Hyper-activated motility in sperm capacitation is mediated by Phospholipase D-dependent actin polymerization

Sarit Bar Sheshet Itach, Maya Finklestein, Nir Etkovitz, Haim Breitbart

Research output: Contribution to journalArticlepeer-review

56 Scopus citations

Abstract

In order to fertilize the oocyte, sperm must undergo a series of biochemical changes in the female reproductive tract, known as capacitation. Once capacitated, spermatozoon can bind to the zona pellucida of the egg and undergo the acrosome reaction (AR), a process that enables its penetration and fertilization of the oocyte. Important processes that characterize sperm capacitation are actin polymerization and the development of hyper-activated motility (HAM). Previously, we showed that Phospholipase D (PLD)-dependent actin polymerization occurs during sperm capacitation, however the role of this process in sperm capacitation is not yet known. In the present study, we showed for the first time the involvement of PLD-dependent actin polymerization in sperm motility during mouse and human capacitation. Sperm incubated under capacitation conditions revealed a time dependent increase in actin polymerization and HAM. Inhibition of Phosphatidic Acid (PA) formation by PLD using butan-1-ol, inhibited actin polymerization and motility, as well as in vitro fertilization (IVF) and the ability of the sperm to undergo the AR. The inhibition of sperm HAM by low concentration of butan-1-ol is completely restored by adding PA, further indicating the involvement of PLD in these processes. Furthermore, exogenous PA enhanced rapid actin polymerization that was followed by a rise in the HAM, as well as an increased in IVF rate. In conclusion, our results demonstrate that PLD-dependent actin polymerization is a critical step needed for the development of HAM during mouse and human sperm capacitation.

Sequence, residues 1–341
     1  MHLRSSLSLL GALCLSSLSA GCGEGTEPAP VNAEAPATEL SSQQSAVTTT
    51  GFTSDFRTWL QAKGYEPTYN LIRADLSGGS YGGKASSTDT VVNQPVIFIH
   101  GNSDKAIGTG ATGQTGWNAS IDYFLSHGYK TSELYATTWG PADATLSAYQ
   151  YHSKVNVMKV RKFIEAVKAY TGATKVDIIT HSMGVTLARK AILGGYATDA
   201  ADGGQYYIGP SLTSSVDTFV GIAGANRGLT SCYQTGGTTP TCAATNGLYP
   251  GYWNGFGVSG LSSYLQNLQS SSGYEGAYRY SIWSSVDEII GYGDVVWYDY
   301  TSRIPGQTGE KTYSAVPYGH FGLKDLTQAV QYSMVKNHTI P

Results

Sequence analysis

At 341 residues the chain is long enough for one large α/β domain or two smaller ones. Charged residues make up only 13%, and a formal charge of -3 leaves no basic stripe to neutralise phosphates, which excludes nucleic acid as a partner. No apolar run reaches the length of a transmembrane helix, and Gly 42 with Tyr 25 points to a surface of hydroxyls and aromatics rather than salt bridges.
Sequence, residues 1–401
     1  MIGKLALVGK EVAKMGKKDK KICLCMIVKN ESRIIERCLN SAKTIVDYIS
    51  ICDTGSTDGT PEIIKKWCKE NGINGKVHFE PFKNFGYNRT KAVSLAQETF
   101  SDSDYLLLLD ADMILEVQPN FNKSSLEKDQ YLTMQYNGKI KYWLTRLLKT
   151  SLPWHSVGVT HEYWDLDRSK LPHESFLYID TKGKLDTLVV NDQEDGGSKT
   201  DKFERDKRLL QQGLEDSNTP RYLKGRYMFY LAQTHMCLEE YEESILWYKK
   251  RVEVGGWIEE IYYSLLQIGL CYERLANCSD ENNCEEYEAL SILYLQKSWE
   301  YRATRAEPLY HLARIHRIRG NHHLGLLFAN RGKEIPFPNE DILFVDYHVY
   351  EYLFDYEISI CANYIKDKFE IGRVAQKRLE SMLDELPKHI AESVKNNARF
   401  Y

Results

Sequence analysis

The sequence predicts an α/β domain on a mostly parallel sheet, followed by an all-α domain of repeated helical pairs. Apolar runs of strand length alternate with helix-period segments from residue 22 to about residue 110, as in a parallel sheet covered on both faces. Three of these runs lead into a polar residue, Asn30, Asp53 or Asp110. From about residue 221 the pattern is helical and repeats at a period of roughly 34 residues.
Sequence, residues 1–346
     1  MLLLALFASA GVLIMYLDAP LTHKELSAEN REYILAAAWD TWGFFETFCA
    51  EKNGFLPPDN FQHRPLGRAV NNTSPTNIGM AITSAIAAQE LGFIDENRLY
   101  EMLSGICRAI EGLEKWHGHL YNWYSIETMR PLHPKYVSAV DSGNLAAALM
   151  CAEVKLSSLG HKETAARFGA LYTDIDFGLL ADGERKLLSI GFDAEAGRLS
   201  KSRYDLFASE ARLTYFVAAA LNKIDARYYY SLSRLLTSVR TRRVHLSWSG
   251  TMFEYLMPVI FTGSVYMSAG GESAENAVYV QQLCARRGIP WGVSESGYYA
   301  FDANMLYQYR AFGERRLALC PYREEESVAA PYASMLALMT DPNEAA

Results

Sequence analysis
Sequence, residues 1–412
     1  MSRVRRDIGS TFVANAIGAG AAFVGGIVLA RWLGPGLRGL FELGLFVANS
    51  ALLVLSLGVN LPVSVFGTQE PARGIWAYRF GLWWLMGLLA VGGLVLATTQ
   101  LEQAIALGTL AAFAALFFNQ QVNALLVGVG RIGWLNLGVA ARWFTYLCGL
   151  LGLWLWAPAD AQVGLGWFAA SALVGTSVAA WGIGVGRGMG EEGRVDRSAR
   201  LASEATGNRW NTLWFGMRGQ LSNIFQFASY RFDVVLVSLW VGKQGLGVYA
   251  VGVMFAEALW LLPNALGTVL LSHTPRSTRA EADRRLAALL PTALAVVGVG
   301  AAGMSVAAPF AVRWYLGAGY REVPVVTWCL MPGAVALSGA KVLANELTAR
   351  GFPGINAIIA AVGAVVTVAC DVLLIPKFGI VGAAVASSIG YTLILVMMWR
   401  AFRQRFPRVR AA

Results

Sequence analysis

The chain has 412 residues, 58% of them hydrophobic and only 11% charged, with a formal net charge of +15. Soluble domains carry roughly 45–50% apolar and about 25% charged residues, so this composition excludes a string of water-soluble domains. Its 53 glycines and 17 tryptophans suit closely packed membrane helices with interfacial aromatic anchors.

Original languageEnglish
Pages (from-to)154-161
Number of pages8
JournalDevelopmental Biology
Volume362
Issue number2
DOIs
StatePublished - 15 Feb 2012

Bibliographical note

Funding Information:
This research was supported by the Levi Eshkol scholarship to B.S., and by a grant from the Ihel Foundation to B.H.

Keywords

  • Actin polymerization
  • Capacitaction
  • Hyper-activated motility (HAM)
  • Motility
  • Phosphatidic Acid
  • Phospholipase D

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